In the early days of High-Performance Computing (HPC) the concept of solving complex problems was driven by how much processing power was available to achieve the goal all within a reasonable amount of time. At the same time the algorithms that made up the HPC applications were designed to take full advantage of the processing capabilities with no limits insight. Moore’s law supported this idea with impressive innovations and powerful CPUs to keep up with demand and keep the compute intensive applications happy.
It is fair to say that most companies considered the source-code for their algorithms as the core Intellectual Property (IP) to their business and protected it accordingly. Patenting an algorithm was an effective way to prohibit somebody else from using the same or similar methodology. The algorithm was the differentiator between them and the competition. The combination of the algorithm with an HPC environment gave companies a working model that generated repeatable results with a predictable growth path. However, it is very difficult to build past behavior into rule-based algorithms without having the capability to analyze and learn from the past in detail and is one of the main problems of a compute-centric approach.
The open-source community has been the major technology driver behind the Big Data push, addressing the need for a more data-centric approach. That is the ability to create a working model that can predict future outcomes based on past events (data and can be continuously improved as new data is brought into the process. Big Data represents the volume of data that is being generated daily, the speed (velocity) at which that data is coming in, different of data formats such as structured or unstructured and with a variation in data quality.
Artificial Intelligence (AI) builds on top of HPC for large scale compute processing and on Big Data with open source.
The real IP now is the data and the main differentiator between competitors. The algorithms that are used in AI are software frameworks that are created and shared by many people. The sharing of ideas and concepts is a key component to the growing success of AI.
With the democratization of data, it is now possible for non-data scientists to collect and analyze data with little help and without the need of a science degree. There are numerous guides and tutorials that will get you started with AI. It doesn’t guarantee success, but it brings AI within greater reach and the drive towards self-service AI. The data is front and center and will define any success or failure and having deep knowledge and understanding of the data comes with great responsibility.
Not all data is equal. It is best to start an AI training project with a collection of data that resembles as close possible the data domain to be analyzed. In the end, an AI engine will analyze your data and suggest decisions based on the given training data. If the data quality is low the AI engine will make inaccurate predictions. That doesn’t mean that everything must be perfect but taking any precautions to make sure that the percentage of so to speak bad data is significantly lower compared to good data. Let’s say for example that we want to create a model to recognize different kinds of cats in pictures and that we have unwillingly been given a mixed data set of pictures of cats (50%) and dogs (50%). The resulting model will have features from both dogs and cats impacting the accuracy of the model for cats. On the other hand, the presence of a small percentage of dog pictures will not have a major impact on the accuracy.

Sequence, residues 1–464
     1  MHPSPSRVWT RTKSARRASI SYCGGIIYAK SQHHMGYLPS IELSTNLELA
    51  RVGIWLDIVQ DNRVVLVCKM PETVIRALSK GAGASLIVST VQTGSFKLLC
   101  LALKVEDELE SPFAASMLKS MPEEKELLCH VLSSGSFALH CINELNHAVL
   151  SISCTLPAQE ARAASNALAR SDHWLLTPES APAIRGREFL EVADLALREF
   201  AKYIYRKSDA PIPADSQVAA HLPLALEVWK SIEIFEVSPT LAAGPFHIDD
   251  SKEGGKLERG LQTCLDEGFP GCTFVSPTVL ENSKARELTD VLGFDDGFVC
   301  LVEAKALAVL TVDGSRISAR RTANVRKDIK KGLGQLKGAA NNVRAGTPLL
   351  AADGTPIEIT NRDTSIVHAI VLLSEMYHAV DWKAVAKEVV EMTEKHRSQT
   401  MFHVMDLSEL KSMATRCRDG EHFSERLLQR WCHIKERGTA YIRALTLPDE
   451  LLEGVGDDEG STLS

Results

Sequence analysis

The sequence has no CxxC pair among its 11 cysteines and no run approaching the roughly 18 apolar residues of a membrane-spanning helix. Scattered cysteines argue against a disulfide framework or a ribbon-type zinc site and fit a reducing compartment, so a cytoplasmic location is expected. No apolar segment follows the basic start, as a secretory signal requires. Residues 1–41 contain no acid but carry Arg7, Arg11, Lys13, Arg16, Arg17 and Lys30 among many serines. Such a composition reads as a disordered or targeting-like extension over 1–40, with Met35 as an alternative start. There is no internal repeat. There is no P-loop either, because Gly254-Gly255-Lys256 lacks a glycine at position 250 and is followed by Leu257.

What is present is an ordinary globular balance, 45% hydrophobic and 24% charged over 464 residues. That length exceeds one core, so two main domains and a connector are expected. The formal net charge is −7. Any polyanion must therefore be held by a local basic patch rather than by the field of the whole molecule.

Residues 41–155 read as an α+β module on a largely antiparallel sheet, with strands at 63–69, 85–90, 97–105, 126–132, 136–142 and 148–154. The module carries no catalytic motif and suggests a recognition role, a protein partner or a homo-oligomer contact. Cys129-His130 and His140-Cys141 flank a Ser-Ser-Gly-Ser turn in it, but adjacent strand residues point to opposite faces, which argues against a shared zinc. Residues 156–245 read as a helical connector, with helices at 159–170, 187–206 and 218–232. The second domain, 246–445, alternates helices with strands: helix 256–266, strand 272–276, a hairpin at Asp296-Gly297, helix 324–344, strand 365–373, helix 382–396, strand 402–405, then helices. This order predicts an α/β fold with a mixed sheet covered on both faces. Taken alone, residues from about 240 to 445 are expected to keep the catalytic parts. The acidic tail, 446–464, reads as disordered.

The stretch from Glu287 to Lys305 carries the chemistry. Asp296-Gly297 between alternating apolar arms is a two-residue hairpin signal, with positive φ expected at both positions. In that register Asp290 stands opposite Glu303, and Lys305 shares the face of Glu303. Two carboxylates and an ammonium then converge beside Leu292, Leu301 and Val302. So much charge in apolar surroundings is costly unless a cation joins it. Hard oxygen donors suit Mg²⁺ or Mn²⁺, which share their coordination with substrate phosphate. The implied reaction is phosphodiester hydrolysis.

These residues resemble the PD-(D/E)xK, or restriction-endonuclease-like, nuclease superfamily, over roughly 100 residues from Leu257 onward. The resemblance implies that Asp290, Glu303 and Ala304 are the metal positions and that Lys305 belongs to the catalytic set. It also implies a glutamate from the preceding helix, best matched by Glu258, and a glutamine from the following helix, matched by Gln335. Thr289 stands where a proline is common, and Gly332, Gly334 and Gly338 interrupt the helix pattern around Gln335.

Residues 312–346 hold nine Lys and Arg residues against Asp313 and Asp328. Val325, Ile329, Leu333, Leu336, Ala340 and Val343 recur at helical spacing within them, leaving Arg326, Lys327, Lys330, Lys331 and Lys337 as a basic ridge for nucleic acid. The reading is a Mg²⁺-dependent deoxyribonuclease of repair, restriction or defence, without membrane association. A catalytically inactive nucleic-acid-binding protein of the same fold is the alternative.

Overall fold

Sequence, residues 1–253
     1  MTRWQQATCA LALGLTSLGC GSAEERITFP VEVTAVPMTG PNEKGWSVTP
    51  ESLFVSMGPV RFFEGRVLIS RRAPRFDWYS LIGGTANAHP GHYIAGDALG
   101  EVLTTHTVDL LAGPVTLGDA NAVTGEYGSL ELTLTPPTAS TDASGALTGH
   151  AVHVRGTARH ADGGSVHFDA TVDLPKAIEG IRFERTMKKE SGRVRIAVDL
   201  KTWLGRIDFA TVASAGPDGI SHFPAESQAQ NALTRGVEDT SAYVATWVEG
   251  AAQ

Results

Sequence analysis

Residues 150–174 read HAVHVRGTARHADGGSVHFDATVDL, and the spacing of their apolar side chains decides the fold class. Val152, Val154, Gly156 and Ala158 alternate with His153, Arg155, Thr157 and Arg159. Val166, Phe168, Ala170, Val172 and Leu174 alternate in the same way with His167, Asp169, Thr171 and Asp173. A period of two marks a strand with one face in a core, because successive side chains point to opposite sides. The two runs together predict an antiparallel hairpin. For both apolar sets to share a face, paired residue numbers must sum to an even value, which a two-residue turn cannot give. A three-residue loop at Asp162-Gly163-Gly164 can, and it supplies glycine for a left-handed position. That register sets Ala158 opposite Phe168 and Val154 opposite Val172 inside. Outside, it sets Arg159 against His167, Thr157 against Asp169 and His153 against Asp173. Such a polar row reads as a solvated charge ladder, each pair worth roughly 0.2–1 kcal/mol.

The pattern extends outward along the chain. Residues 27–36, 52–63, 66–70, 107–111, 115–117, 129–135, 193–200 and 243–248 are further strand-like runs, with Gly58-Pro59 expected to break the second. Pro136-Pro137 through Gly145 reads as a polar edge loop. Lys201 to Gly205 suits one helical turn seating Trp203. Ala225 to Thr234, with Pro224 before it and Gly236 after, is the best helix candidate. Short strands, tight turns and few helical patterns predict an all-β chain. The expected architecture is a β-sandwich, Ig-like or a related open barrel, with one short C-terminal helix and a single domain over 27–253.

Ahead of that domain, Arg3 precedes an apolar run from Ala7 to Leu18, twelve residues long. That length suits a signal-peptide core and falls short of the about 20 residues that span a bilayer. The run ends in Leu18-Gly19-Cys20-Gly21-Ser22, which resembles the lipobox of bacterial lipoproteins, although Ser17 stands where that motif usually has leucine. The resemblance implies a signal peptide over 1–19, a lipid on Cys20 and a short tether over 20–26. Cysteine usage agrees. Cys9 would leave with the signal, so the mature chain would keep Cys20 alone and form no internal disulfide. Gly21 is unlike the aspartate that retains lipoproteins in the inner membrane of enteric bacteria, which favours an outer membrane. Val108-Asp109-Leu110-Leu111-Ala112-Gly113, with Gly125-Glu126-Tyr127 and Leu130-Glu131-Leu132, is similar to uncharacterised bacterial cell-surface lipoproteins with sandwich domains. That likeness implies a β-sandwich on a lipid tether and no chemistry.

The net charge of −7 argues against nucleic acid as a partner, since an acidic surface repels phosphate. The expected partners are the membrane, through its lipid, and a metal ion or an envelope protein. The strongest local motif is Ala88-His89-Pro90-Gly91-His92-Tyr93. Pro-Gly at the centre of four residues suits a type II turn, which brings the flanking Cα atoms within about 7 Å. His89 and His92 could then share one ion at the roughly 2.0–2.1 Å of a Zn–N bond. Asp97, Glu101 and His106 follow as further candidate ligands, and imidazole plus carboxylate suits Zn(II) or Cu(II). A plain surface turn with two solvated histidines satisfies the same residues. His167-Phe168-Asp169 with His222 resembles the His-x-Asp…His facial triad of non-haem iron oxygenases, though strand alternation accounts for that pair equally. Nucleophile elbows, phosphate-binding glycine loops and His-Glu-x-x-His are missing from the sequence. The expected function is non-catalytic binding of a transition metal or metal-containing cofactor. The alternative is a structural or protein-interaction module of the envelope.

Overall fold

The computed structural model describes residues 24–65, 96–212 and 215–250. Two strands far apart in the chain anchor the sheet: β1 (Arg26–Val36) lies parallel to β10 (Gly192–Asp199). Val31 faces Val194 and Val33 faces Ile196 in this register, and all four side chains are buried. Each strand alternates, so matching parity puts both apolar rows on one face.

At the start of a new project the initial data is divided into training and test data. The training data will be used by the AI engine to analyze and generate a model that is a statistical representation of all given training data. The test data is used to test and validate the new model created with the training data. In general, it is typically close to an 80/20 rule for training/test data.
Before data can be used for any type of analytical analysis and deliver insights it needs to be “cleaned”. It is the concept of making sure that there are no inconsistencies in the data as it can impact the analysis and results significantly. Some of the potential sources of bad data can be human error, data mismatch when assimilating multiple source and missing or duplicate data.
For example, when collecting dates from past earthquakes it includes validating that the date represents a valid date and occurred in the past. Depending on the processing rules the date can be corrected or the whole row of data fields associated with the invalid date can be thrown out. After the cleaning comes the “formatting” and labeling of the data such that it is in the right format for the AI tools. It does require significant human interaction and time to go through all the data and certainly for unstructured data. The good news is that new tools are brought to market that can help not only automate the process but also reduce human error. The AI driven tools analyze the data structure of the data and then predict the kind of errors expected to see in the data. In a typical AI lifecycle, due to its importance, a lot of time is spent on this activity and is continuous as new data must go through this process.
It is all about the data! We live in a data-centric world where data has become extremely valuable. The ability to extract value out of that data with AI has opened many new opportunities (most of them with good intentions). With AI it is important not to fixate too much on getting as close as possible to 99.9% accuracy but rather to focus on improving the overall process and acquiring quality data. It all starts with the data as the algorithm can’t fix bad data and at best it can try to minimize its impact. The data comes with a lot of responsibility and with the promise of providing deep knowledge and understanding from that data.